The Ancient Faith
CHRISTMAS AND ROMANS 14
The purpose of this article is not to give the history of Christmas, for that is a well-documented fact. Christmas is a combination of paganism, Catholicism and Christianity. The purpose of this article is to see if Romans 14, especially verses 5 and 6, will justify pagan holidays and thus Christmas.
In the New Testament, it is well understood that one is either by nature a Jew or a Gentile. It is also well understood that all Christians are one in Christ, regardless of their birth. However, and for the purpose of this article, it is important that one remember that Gentiles in early Christian usage were generally considered pagans, or idol- worshippers. Gentiles in the broadest sense, though, are non-Jewish people. All Cretians, for instance, were not liars, but the practice was so common among them that Paul agreed with one of their prophets that the Cretians were always liars (Titus 1:12- 13). And thus, too, because of their idol-worship, Gentiles were generally considered by Jews as pagans and heathens.
This brings us to the subject at hand, Romans 14 and Christmas. It is understood that Paul is addressing both Jews and Gentiles in Romans 14. Not wishing to misrepresent what anyone has written or said on this important subject, I will quote from what has been written. First, the verses under dispute are Romans 14:5-6a, which state: “One man esteemeth one day above another: another esteemeth every day alike. Let every man be fully persuaded in his own mind. He that regardeth the day, regardeth it unto the Lord; and he that regardeth not the day, to the Lord he doth not regard it.” A brother, in defense of Christmas, wrote: “The sixth verse of Romans fourteen states that whichever decision he makes about esteeming a day is acceptable to God.” This assessment is correct, but only to the point that one remember that Romans 14 is dealing with matters that are not wrong in and of themselves, and thus before Romans 14 can be applied to Christmas it must be proved that Christmas is not wrong in and of itself.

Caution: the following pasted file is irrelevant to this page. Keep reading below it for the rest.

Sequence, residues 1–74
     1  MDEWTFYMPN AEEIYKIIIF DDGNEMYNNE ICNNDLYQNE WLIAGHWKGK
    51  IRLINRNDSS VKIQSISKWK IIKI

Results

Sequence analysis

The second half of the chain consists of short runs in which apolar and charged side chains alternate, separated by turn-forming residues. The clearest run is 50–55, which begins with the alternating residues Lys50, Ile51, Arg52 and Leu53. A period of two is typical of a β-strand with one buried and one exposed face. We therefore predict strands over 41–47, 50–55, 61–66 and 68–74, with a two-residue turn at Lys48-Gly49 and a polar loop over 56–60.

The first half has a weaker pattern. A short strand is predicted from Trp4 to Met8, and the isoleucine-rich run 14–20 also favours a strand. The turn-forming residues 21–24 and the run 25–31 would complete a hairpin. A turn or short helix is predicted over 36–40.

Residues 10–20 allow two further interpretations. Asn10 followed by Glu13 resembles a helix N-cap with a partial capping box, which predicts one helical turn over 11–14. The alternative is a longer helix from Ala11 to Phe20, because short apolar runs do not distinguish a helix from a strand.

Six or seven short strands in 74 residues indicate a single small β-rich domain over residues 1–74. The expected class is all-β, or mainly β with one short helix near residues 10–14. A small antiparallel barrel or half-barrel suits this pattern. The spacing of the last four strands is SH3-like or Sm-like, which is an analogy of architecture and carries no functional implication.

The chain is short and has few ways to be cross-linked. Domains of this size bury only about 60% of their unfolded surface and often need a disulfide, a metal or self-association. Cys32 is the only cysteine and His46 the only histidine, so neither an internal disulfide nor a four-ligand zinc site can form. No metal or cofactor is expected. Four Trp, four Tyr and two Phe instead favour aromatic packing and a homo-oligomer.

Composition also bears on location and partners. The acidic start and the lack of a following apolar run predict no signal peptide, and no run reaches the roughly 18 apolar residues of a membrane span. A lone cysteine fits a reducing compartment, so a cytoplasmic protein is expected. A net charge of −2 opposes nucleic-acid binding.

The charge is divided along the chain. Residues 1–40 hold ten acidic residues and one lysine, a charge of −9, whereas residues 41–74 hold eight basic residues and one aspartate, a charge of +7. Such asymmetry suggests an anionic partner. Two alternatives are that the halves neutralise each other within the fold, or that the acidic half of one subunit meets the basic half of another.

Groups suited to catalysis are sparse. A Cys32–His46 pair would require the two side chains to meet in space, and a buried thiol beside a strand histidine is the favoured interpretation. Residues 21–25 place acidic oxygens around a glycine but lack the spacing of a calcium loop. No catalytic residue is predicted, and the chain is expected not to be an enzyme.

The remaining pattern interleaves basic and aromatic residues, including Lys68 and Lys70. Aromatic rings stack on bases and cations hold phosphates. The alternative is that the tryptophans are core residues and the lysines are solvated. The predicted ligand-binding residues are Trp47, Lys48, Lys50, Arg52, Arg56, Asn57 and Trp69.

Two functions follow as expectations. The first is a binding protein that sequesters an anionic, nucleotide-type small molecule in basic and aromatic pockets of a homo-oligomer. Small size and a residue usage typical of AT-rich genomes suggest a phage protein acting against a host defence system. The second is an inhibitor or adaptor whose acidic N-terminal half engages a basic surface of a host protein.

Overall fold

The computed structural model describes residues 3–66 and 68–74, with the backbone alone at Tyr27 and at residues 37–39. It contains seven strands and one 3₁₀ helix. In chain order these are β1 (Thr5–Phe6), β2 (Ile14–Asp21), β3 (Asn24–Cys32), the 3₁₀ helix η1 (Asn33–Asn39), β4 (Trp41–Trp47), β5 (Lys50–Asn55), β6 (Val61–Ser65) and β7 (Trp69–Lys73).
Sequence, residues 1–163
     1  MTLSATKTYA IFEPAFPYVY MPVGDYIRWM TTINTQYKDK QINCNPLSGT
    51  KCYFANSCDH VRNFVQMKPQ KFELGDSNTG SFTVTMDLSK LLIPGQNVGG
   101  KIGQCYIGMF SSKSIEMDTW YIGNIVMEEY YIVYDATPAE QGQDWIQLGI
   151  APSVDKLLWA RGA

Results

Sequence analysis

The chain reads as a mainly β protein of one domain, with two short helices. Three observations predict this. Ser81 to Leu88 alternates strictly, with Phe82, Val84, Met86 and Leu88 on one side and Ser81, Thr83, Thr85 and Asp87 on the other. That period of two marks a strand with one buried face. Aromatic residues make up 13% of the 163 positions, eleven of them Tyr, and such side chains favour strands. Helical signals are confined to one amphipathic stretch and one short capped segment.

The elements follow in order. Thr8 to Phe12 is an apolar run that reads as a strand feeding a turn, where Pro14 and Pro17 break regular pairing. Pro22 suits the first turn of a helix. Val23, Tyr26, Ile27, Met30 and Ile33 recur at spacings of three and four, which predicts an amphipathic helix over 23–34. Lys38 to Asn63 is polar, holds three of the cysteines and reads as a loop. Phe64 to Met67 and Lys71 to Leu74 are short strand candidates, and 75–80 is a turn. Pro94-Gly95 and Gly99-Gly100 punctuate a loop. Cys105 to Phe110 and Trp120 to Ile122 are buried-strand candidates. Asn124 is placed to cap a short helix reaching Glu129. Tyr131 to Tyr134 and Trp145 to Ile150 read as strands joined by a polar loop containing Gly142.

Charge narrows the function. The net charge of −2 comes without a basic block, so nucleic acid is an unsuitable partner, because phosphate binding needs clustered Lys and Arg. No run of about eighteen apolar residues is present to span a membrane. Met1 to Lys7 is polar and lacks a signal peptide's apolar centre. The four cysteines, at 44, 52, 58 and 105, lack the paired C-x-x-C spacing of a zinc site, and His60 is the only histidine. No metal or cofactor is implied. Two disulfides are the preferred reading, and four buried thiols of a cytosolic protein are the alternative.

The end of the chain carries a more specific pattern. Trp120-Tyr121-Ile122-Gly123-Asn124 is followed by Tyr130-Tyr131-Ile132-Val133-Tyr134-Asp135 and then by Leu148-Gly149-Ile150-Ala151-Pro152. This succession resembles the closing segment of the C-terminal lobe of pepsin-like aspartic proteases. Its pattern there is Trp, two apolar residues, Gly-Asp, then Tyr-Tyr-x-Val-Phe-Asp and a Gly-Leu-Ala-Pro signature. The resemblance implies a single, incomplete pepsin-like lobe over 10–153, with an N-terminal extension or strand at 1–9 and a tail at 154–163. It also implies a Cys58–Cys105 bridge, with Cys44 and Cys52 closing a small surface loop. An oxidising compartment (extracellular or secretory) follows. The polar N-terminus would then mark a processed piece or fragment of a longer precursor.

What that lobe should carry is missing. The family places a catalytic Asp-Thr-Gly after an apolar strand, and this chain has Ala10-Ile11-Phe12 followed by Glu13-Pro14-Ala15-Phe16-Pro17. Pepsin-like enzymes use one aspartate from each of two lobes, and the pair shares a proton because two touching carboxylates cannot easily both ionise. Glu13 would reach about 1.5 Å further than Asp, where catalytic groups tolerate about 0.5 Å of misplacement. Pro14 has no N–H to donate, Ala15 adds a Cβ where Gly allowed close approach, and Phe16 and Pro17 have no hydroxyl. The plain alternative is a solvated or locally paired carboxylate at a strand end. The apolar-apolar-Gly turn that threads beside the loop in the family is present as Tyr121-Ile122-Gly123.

The above writer did not seek to prove that Christmas was not wrong in and of itself. The writer stretched what Paul clearly had under consideration, things not wrong in and of themselves, to something that was far removed from Paul’s thinking, namely, Christmas. The above quoted writer, without any proof at all, says: “Therefore, it cannot be successfully argued that the days under consideration were Jewish holidays rather than pagan ones.” The writer’s conclusion was: “In view of these facts [that is, that it cannot be successfully argued that the days under consideration were Jewish holiday rather than PAGAN ONES], Paul’s express statement is that a brother with a strong conscience-one that is scrupulous but not unnecessarily so-may choose as an individual or a family to esteem one day above another- even Christmas.” The bold conclusion by the above writer was: “Having duly considered these matters and discovering no Hindrance, individuals may on their own private initiative engage in the celebration of Christmas or any other holiday.”
PAUL AND PAGAN HOLIDAYS
Christmas is a combination of paganism (idol-worship), Catholicism and Christianity. The above quoted writer agrees that there is a connection between Christmas and paganism but that “it cannot BE SUCCESSFULLY ARGUED that the days under consideration were Jewish holidays rather than pagan ones.” The above writer did not say that Paul included pagan holidays in Romans 14, which is what he should have been doing, but rather, he shifted it over and simply said that it cannot “be successfully argued” that Paul did not have pagan holidays under consideration rather than Jewish holidays. Where is the proof that Paul included PAGAN HOLIDAYS in what he wrote in Romans 14:5-6? What the writer succeeded in doing was stating, without proof, that Christians can, on the basis of Roman 14, observe any holiday, even a pagan one. But to observe a holiday is to observe all that goes with it, and all that goes with a pagan holiday includes idolatry, for all pagans were idol-worshippers.